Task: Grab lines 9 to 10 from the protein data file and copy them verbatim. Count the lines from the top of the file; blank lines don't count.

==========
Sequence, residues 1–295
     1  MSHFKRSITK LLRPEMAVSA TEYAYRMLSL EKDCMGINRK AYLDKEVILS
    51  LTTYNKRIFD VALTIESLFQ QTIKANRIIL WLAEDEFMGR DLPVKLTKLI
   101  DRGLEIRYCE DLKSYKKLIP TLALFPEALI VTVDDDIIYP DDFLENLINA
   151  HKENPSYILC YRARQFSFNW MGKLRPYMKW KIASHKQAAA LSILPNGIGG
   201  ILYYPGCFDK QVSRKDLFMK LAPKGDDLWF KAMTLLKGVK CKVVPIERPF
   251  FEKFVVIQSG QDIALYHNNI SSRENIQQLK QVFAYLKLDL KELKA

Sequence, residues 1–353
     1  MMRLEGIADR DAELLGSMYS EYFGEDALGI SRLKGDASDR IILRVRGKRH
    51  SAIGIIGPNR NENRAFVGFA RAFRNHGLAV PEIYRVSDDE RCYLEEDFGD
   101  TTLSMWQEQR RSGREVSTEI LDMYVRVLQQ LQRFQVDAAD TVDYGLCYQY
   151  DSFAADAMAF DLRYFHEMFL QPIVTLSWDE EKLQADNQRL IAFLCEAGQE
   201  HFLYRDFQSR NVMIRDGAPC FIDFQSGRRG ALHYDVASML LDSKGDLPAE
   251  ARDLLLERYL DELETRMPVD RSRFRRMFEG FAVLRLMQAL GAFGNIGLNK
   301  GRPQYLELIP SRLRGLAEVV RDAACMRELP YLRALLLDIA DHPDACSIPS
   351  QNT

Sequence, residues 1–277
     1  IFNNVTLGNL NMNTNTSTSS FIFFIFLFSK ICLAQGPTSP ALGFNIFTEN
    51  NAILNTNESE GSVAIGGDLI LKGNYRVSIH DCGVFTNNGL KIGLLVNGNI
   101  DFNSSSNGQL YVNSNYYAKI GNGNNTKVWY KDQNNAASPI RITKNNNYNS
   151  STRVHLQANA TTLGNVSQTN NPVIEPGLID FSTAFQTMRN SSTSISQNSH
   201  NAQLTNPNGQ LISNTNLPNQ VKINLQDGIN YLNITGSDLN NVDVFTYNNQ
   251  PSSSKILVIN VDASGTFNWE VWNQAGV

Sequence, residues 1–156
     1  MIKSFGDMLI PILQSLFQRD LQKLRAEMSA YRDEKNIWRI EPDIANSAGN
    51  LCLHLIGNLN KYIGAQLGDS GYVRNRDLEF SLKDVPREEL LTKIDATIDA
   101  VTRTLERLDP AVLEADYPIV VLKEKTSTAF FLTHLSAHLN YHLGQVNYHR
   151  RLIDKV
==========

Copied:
     1  MMRLEGIADR DAELLGSMYS EYFGEDALGI SRLKGDASDR IILRVRGKRH
    51  SAIGIIGPNR NENRAFVGFA RAFRNHGLAV PEIYRVSDDE RCYLEEDFGD